2) Seattle (W2)
3) Salt Lake (W3)
4) Columbus/New York (E4)
Dallas hosts Colorado
Columbus hosts New York
Los Angeles hosts Philadelphia
Houston hosts Dallas/Colorado
Kansas City hosts Salt Lake
Seattle hosts Columbus/New York
Los Angeles hosts Houston
Philadelphia hosts Dallas/Colorado
Kansas City hosts Seattle
Salt Lake hosts Columbus/New York
Los Angeles hosts Dallas/Colorado
Houston hosts Philadelphia
Kansas City hosts Columbus/New York
Seattle hosts Salt Lake
A1 hosts B2
B1 hosts A2
A few comments:
• I understand why MLS owners voted to increase the number of playoff teams from eight to 10 this season: Without relegation, you need some way to make games matter in the latter parts of the regular season, especially as the league grows in size. That's why I've made this system a 10-team format as well, with the caveat that regular-season success is rewarded much more in this playoff structure.
• I've come around to having one-game league semifinals hosted by the group winners. What does that mean? It means this system uses the exact same number of matchdays as the current system.
• In the group stage, the No. 1 seeds don't meet the No. 4 seeds until the last group game. That decreases the chances of teams being eliminated before the third game, and if it does happen then at least the No. 1 seed will have earned the advantage of playing the No. 4 team -- the most likely to be eliminated -- last. (The league should enforce that eliminated teams put out a competitive lineup in a dead-rubber situation.)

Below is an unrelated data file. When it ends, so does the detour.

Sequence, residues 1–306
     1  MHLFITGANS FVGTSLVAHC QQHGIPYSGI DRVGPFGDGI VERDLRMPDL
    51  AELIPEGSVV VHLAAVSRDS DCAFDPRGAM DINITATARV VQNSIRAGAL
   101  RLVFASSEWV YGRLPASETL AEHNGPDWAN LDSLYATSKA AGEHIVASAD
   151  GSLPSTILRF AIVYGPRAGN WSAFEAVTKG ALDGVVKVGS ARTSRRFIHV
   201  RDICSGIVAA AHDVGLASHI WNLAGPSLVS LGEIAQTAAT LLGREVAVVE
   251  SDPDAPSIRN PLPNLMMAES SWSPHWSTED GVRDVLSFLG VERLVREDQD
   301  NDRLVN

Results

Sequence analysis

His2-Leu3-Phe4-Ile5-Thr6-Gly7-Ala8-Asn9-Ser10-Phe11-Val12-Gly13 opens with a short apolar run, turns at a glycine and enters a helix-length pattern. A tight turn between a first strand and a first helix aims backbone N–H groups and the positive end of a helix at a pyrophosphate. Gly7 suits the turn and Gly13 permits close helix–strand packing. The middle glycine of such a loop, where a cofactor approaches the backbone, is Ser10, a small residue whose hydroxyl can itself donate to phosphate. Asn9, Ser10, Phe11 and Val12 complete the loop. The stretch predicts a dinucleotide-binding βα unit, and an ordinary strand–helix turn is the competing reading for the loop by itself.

• The two best teams from the regular season can always meet in the MLS Cup final. This year there is zero chance for that to happen.
• There's no geographical nonsense of a team from the Eastern Conference winning the Western Conference title. If it's important to give out conference trophies, give them to the teams with the best regular-season records in the East and the West.
• The MLS Cup final can take place at a neutral site or at the home stadium of the team with the higher group finish (or, if those are equal, the team with the better regular-season record). Is it possible that a team could win the title without having to play a single road game? Yes, but once again: That would be earned on the field during the regular season, and there's nothing wrong with that.
• This format actually works better when there isn't a balanced regular-season schedule, as there won't be in MLS moving forward. With a balanced schedule (as there is this year), it's unfortunate that Kansas City (fifth-best league record) would be seeded higher than Seattle and Salt Lake (second- and third-best league records on the same schedule). With an unbalanced schedule that wouldn't matter so much.
Enjoy Thursday night's game, and come back Friday for my MLS Cup playoff picks.